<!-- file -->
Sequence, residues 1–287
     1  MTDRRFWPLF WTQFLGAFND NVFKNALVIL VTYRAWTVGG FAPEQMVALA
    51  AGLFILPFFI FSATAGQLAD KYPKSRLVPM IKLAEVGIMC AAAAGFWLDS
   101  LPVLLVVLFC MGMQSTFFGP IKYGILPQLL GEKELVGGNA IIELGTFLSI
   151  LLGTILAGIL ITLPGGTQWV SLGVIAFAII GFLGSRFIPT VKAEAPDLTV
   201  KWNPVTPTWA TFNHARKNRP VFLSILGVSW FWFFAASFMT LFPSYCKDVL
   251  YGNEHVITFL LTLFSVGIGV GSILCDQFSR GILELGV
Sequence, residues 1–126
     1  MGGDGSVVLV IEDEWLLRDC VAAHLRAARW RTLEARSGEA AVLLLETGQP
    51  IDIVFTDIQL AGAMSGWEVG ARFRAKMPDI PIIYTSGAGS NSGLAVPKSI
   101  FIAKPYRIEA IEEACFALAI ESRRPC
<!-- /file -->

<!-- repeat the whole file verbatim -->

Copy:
Sequence, residues 1–287
     1  MTDRRFWPLF WTQFLGAFND NVFKNALVIL VTYRAWTVGG FAPEQMVALA
    51  AGLFILPFFI FSATAGQLAD KYPKSRLVPM IKLAEVGIMC AAAAGFWLDS
   101  LPVLLVVLFC MGMQSTFFGP IKYGILPQLL GEKELVGGNA IIELGTFLSI
   151  LLGTILAGIL ITLPGGTQWV SLGVIAFAII GFLGSRFIPT VKAEAPDLTV
   201  KWNPVTPTWA TFNHARKNRP VFLSILGVSW FWFFAASFMT LFPSYCKDVL
   251  YGNEHVITFL LTLFSVGIGV GSILCDQFSR GILELGV
Sequence, residues 1–126
     1  MGGDGSVVLV IEDEWLLRDC VAAHLRAARW RTLEARSGEA AVLLLETGQP
    51  IDIVFTDIQL AGAMSGWEVG ARFRAKMPDI PIIYTSGAGS NSGLAVPKSI
   101  FIAKPYRIEA IEEACFALAI ESRRPC